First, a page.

All land is created equal, right? No, most definitely not. That is very, very wrong. But all land in the same neighborhood is created equal? Again, not at all. Ok, then certainly all land on the same street is created equal, though? Umm, no. Same block? No again. Same side of the street? Not a chance. Let’s cut to it…It would be extremely rare to find two equal pieces of land. There are just too many variables. Here’s where you ask what the variables are. Here’s where I give you an abbreviated list:
And the biggest challenge of all is that it is a corner lot. “But corner lots are so pretty, what is the challenge?”
That’s the general sentiment about corner lots, right? That the houses look prettier. You do, after all get to see two sides of the house from the street. So, if the house is designed well, you see two good looking elevations. If the house isn't designed well, then you see two ugly elevations, your neighbors can’t stand walking past your house, and you should probably drop me a line so we can see how to remedy that.
But the thing that people don’t ever realize is that the house on the corner is actually pushed further back from the street, giving it a larger front yard, making it look more majestic. Why is it pushed back? Because in most counties, a corner lot is considered to have two front yards, one on each of the streets. That way, the front and side of the house on the corner lines up with the front of each of the houses on the interior lots.
Building Restriction Lines
Every piece of land has invisible lines on it that are established by the county the land is in. These lines, called setbacks, dictate how close the house can get to the property line. A four sided, rectangular, interior lot, will have four setbacks - one front, one rear, and two sides. A corner lot will have two front yards, one rear yard, and one side yard. Our corner lot looks like this:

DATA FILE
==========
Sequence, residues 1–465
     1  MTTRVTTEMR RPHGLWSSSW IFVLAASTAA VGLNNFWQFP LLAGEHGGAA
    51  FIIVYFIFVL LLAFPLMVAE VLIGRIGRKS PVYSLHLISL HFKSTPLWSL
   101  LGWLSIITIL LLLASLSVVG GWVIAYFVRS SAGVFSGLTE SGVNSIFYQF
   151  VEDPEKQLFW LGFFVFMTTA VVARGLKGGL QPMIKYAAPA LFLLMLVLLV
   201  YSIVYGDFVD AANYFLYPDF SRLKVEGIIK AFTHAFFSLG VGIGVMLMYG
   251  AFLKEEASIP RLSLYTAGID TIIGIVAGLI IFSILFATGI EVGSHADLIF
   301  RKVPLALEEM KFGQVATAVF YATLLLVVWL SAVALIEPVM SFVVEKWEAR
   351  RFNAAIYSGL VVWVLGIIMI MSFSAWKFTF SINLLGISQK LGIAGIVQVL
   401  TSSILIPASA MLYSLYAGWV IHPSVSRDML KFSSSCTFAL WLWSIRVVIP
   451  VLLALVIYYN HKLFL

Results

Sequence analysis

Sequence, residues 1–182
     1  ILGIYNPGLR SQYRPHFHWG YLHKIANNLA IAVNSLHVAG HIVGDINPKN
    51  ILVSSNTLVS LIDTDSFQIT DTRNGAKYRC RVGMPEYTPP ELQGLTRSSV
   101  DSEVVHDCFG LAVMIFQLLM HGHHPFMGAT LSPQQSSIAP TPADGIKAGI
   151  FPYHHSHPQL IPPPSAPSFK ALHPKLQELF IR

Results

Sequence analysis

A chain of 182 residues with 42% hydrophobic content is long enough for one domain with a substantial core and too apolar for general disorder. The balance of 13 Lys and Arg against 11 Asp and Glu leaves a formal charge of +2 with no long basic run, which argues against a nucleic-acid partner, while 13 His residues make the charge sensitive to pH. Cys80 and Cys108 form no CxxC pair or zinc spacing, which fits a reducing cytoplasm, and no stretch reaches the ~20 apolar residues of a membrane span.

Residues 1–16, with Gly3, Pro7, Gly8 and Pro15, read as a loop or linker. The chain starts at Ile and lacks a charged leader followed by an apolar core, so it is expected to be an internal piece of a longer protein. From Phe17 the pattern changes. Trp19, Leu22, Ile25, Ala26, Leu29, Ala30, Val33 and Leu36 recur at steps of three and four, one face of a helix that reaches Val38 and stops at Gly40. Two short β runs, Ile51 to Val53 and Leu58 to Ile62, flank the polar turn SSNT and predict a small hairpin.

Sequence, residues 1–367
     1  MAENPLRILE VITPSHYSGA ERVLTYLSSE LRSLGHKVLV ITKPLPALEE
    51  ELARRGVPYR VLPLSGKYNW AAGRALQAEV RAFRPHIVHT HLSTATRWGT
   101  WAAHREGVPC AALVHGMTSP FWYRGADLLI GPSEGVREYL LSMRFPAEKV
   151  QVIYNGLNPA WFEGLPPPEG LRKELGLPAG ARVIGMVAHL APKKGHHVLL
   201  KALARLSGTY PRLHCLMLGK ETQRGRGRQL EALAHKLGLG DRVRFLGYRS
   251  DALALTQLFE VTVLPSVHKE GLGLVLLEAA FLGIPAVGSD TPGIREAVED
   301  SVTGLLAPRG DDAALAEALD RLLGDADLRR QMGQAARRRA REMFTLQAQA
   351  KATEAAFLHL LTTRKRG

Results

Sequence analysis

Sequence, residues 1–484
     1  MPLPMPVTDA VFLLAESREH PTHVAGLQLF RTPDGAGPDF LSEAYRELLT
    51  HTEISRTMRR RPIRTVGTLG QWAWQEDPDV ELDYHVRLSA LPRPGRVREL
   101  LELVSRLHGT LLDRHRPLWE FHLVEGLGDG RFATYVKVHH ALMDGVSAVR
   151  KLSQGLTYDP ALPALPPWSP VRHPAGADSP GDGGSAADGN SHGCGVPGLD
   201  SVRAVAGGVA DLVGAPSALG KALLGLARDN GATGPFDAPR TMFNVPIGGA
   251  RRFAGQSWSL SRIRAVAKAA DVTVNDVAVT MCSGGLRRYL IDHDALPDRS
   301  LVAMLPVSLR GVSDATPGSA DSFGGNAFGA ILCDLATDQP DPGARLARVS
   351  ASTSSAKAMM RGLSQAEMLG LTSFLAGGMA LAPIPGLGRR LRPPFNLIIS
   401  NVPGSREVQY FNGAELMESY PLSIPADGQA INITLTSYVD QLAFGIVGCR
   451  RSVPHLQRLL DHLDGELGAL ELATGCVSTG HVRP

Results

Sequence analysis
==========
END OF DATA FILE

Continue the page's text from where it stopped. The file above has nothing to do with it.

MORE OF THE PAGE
Generally, in Montgomery County, where our lot is, a front setback is 25’, a side is 8’, and a rear is 20’. Of course nothing is ever easy, so those aren't hard and fast numbers, but for the sake of this conversation, let’s go with it. Now, when you have two front yards, instead of setbacks of 25’ and 8’, you need to work around setbacks of 25’ and 25’, meaning you lose 17’ of buildable space across the length of the lot - that hurts. To complicate things even further, you also need to determine which “front” of your house is actually the front, so you know where the side and rear yards are. This becomes rather important. Let’s look at the diagram from above again, but this time, I will swap the side and rear yards:
Take note of the red line, which represents the buildable envelope. With everything else being equal, the “front” of your house moving from one side to the other could make a huge impact on what you could build.
Even though our building envelope would have allowed us to design a pretty large house, we opted for a long skinny design (which I'll touch on in a post soon), with a relatively modest amount of square feet (as compared to most new construction). We also wanted to put the house as close to the center of the lot as possible. Given the steep slope of the lot, almost half of our basement will be out of the ground, so the house will look taller than it actually is. By building a long skinny house in the middle of the lot, we are able to stay as far from each property line as possible, being as respectful to our neighbors and neighborhood as we can.
So remember, when evaluating land to build your dream house (or just A house), often the most important thing to look into is something you can’t even see. The type of lot you have and the building restriction lines will make an enormous impact on the size and shape of your home. If you’re not sure where to start, let me know, I’d be happy to help.
Bye for now,
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